Courses Description 2022-23

Courses Short Description

Contents

Semester 1

English Ι

The course includes: a review of grammar (tense system, modals, etc., basic syntactic structures of the English language etc.); further development of the students’ vocabulary and language skills through exposure to relatively simple oral and written discourse of limited length with an emphasis on themes related to the students’ field of studies (Politics, Liberalism, Conservativism, Socialism, Nationalism, Feminism, Ecologism); expansion of the students’ world knowledge and academic subject-specific knowledge; enhancement of the students’ meta-cognitive and study skills. Throughout the module, extensive use is made of e-class and the Internet. A variety of learning materials, tools and modes is offered in order to match and satisfy individual learning styles and needs. Students are also requested to read one literary book of their or the course instructor’s choice

Diplomatic History, 1815-1991

The course analyzes the major diplomatic events from the end of the Napoleonic Wars to the end of the Cold War. The starting point is the Congress of Vienna, the decisions of which determined the physiognomy of the European balance of power system for a century. Special mention is made of multilateral diplomacy during the 19th century, which took the form of convening international Conferences to resolve major political issues. The foreign policy of the Great Powers, their rivalries and alliances, as well as the emergence of new Powers which were gradually added to the existing ones, are also analyzed. Next, the causes, the development, and results of the First World War are investigated. The interwar international system is outlined and the reasons why it collapsed, resulting in the start of World War II. A separate field of reference is the diplomatic events during the Second World War. Finally, the characteristic features, crises, and recession periods of the Cold War are presented.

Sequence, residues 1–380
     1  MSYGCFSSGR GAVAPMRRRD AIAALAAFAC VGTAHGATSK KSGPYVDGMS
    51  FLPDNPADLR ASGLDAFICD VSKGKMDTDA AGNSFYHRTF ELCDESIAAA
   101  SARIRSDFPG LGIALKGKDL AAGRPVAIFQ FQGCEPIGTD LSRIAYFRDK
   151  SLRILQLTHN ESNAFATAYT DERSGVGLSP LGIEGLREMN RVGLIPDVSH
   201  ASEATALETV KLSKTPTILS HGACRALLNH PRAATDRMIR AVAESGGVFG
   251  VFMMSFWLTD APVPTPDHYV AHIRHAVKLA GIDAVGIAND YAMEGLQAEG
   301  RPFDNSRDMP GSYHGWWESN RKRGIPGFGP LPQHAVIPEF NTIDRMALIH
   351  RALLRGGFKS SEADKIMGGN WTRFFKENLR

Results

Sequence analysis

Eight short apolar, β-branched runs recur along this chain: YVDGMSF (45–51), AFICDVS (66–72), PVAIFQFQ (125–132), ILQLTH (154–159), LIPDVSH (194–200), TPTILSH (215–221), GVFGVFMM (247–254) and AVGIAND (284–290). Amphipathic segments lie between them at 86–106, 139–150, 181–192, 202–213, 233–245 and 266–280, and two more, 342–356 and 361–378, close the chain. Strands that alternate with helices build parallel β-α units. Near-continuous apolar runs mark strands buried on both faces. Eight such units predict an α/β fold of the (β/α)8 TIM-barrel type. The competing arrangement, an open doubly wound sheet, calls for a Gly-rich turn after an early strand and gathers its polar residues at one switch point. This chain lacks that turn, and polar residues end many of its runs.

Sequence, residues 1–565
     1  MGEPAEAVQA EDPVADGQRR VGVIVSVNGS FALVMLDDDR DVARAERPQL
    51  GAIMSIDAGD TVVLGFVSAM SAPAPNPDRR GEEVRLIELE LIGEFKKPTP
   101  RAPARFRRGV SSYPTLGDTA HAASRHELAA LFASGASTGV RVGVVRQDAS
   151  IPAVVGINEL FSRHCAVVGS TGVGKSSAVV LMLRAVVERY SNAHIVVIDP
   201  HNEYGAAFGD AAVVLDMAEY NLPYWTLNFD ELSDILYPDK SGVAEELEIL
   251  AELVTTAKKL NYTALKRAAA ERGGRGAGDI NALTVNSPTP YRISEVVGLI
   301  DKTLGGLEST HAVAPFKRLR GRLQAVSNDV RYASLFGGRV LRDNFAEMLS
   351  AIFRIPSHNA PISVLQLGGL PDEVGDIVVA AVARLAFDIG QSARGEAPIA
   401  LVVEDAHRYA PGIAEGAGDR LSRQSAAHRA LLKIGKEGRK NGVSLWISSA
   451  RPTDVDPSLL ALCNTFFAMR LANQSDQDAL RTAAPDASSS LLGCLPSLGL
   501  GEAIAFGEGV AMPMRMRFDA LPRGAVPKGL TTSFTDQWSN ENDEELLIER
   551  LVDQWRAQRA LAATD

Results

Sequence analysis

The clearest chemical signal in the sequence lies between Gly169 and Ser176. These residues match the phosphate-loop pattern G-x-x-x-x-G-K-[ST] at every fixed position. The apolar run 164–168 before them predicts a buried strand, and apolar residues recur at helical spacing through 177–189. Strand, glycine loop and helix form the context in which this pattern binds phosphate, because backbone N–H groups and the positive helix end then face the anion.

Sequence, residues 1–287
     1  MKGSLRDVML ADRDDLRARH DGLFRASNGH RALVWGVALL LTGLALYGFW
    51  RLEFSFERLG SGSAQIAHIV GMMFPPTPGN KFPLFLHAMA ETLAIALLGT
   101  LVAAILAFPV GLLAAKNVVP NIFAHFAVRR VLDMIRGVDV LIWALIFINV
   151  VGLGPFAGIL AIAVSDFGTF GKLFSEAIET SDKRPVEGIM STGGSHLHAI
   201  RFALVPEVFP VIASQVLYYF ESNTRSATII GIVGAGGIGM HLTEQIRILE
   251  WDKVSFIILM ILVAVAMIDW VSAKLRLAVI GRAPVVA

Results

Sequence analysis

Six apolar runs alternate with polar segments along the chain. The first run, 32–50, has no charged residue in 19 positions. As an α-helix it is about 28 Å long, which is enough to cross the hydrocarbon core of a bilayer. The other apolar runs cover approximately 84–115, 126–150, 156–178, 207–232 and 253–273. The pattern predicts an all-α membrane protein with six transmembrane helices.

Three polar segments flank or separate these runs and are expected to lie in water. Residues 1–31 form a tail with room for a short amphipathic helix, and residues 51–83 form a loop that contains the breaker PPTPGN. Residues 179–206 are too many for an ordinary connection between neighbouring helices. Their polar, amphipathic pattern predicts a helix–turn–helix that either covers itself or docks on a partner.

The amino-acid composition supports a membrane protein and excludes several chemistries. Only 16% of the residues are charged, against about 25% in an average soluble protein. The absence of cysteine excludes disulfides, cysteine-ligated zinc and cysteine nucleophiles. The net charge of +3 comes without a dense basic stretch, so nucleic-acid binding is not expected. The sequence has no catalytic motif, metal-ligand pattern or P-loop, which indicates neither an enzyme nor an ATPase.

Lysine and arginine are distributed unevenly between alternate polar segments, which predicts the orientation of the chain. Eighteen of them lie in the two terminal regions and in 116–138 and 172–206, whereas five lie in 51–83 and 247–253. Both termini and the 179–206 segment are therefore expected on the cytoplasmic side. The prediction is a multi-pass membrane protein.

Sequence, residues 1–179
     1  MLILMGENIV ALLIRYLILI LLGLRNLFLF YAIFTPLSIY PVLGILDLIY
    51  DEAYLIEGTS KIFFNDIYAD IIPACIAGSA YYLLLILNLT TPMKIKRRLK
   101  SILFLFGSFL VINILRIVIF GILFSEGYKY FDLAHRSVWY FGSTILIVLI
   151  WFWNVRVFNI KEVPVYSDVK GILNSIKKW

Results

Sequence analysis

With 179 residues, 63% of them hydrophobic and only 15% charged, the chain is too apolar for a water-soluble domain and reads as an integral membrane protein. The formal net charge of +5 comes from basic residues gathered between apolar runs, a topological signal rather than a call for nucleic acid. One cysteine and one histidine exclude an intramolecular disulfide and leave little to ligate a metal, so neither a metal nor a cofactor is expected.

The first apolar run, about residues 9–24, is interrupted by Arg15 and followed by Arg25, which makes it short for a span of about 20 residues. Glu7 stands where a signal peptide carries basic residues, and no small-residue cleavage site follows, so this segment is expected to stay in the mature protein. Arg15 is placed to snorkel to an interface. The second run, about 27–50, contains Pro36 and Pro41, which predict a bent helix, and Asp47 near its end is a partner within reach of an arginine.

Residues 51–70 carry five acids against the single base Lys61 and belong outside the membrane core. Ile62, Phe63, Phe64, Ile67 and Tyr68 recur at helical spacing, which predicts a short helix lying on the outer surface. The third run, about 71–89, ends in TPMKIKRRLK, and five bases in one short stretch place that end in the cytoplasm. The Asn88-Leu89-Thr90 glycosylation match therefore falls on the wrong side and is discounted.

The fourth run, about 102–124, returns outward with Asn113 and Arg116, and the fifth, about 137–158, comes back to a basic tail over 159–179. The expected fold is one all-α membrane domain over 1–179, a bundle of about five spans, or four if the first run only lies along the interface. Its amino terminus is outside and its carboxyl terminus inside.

Introduction to International Politics

The course studies the interaction among state and non-state actors in the international environment. Its objective is to introduce the students to the main features of the international system as well as familiarize them with the core concepts and research tools of the discipline of international relations. Moreover, the course acquaints the students with the most important issues featuring in the world agenda, namely, the struggle against poverty and underdevelopment, the protection of human rights, the spread of democracy, and the fight against terrorism. Altogether, the course prepares the students for the needs of the Spring term course on International Relations.

Introduction to Political Science

For the purposes of this course, Political Science is defined in a broad sense, including the study of power and the state, as well as the study of phenomena that have political dimensions and perform a political function. The aim of the course is the acquaintance with the sources, the basic concepts, theories and methodological tools by which Political Science tries to conceive and interpret the different forms of the political phenomenon and the demonstration of its pluralistic character. Thus, it will serve as a basis for more advanced courses.

Law: An Introduction